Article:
This is one we’ve been waiting for … one of those mega-rarities that we KNEW was going to happen someday, yet dared not dream about. A GRAY HERON has landed! (Our one previous record was of a bird found moribund on a beach in 1996 – it later succumbed at a rehab centre. Another bird arrived live onboard a ship in 2002, after landing there north of the Azores – two others had died enroute.)
A “Great Blue Heron” was reported in Little Heart’s Ease on Saturday – a very early date for any heron in Newfoundland, and especially on the northeast coast. Fortunately, Bruce Mactavish was on the receiving end of that report, and alarm bells started going off in his head. It was only ~10 days ago that he had sent me an email about the “killer winds from Iceland” … and we knew that some early Gray Herons has begun showing up there. Could it be?!?!?
Bruce Mactavish, Ken Knowles and John Wells set out early Sunday morning to check it out. I stayed home (very close to the phone), keeping some family commitments. But when Bruce called to say they had found the bird and were “99.99% sure” it was a Gray Heron … well, let’s just say I broke the news to my VERY understanding wife, helped her get the kids ready for an outing, spread the news and (finally!) hit the road. Two hours later, Paul Linegar and I were on the spot, looking hard … we KNEW it had to be there, but it was playing hard to get. After 30+ minutes, it flew in and landed on the ice. We had good looks for the next 15 minutes as it flew around the estuary and fed along the ice edge – allowing us good looks at all the important field marks – including the all white thighs and leading edge of the wing (both rufous in Great Blue Herons). KILLER!!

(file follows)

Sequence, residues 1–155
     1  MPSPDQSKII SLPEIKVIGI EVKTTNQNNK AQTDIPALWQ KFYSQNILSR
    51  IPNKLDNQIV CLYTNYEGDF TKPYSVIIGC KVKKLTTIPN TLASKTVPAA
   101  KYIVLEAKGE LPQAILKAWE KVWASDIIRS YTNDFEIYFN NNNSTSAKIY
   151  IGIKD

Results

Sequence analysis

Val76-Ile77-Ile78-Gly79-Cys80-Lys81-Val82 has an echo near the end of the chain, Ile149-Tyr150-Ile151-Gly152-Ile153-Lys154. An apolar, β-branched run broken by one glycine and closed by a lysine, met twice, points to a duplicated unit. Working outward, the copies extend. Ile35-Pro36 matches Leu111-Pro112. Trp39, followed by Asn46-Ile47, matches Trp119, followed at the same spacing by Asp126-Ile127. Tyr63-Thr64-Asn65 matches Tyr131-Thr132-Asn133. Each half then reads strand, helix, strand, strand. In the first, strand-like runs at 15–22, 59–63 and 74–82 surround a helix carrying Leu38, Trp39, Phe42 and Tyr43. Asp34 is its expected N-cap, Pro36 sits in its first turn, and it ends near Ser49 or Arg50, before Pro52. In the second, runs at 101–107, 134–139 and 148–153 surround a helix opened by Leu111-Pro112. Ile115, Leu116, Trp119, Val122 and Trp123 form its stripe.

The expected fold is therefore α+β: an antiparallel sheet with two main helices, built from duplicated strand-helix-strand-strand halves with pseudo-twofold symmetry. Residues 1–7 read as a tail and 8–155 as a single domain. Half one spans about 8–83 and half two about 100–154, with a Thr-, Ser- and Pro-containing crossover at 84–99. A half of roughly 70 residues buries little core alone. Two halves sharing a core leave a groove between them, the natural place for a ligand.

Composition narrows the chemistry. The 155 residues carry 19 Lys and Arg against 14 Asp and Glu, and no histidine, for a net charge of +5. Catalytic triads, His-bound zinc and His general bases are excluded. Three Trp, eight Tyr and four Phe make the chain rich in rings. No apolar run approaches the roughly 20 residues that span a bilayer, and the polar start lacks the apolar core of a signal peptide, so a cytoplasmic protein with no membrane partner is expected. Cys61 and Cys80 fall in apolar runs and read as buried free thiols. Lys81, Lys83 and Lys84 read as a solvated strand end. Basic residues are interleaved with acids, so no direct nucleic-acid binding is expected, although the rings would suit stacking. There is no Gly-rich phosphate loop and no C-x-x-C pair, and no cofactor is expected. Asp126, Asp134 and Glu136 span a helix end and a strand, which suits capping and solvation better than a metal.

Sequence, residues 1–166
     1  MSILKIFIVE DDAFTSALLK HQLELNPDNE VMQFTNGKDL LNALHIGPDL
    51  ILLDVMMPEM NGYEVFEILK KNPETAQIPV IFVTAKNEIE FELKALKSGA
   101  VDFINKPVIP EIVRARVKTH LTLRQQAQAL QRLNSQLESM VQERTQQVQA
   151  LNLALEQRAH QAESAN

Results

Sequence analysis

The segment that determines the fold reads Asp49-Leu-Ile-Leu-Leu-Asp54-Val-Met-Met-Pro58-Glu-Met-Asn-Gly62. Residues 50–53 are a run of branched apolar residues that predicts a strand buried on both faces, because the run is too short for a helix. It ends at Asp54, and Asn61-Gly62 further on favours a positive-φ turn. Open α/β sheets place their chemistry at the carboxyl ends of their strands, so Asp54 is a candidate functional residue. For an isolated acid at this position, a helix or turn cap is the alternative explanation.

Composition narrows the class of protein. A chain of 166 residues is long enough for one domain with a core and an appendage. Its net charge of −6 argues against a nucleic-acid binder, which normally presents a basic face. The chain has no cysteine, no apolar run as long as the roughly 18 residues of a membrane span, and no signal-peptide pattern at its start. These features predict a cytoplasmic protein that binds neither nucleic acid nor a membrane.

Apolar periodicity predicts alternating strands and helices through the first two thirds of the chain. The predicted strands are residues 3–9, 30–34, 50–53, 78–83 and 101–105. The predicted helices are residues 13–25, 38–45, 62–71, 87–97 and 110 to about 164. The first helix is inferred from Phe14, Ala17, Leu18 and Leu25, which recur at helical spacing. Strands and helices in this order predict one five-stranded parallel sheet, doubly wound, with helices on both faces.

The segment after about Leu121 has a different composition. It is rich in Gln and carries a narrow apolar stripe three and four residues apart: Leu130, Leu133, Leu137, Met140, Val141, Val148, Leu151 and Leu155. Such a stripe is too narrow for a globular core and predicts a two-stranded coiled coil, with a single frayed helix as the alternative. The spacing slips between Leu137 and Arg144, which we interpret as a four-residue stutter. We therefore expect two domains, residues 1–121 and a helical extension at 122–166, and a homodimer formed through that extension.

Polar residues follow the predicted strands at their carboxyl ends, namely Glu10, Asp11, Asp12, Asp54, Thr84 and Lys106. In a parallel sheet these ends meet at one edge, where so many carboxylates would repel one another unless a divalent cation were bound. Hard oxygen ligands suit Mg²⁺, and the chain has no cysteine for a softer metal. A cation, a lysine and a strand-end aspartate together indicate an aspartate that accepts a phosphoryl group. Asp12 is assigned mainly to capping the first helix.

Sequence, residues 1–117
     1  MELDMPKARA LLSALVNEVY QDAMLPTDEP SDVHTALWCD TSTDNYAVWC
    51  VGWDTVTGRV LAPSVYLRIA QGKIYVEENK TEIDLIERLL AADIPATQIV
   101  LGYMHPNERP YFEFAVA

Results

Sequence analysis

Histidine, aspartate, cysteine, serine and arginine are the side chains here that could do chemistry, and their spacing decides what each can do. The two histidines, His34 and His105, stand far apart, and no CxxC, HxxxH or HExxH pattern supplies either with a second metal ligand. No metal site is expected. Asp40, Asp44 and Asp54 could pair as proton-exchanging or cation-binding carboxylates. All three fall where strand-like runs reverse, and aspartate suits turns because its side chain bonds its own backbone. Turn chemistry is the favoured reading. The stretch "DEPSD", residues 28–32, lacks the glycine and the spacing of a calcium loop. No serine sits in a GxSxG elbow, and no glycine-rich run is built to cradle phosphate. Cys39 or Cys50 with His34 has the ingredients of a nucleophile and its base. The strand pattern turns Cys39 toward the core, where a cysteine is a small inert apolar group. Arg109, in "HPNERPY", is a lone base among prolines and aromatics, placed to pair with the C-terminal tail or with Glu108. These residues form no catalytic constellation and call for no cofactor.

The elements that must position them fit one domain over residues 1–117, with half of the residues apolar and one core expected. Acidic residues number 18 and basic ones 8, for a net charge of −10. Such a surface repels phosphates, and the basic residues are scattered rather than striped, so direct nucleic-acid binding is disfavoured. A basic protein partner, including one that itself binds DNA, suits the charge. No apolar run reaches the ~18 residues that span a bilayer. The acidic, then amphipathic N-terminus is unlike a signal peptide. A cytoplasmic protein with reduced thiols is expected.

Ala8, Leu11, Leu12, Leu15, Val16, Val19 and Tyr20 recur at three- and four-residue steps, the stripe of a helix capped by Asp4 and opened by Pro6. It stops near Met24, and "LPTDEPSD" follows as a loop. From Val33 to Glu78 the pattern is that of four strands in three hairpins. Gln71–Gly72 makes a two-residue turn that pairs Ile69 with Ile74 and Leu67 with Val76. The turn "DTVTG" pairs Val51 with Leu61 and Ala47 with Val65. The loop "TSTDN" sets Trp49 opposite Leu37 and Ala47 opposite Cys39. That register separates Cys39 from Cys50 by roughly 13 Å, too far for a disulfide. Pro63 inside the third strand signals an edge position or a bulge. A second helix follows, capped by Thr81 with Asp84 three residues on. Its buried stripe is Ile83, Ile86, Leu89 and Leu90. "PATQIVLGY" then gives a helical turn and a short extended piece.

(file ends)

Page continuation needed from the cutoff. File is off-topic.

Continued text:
The heron then flew off and disappeared, only to be found tucked inconspicuously against the shore on the opposite side of the water. And that’s where it stayed for the next hour and half until we left. As can be expected after a long trans-Atlantic flight (only to find itself in the cold, icy Newfoundland of early March), this Gray Heron looks and acts a bit exhausted. Nevertheless – it was a beautiful bird and an awesome experience. Let’s hope it sticks around for a while!!!
This bird has been here in little hearts ease since early February and has been feeding quite openly.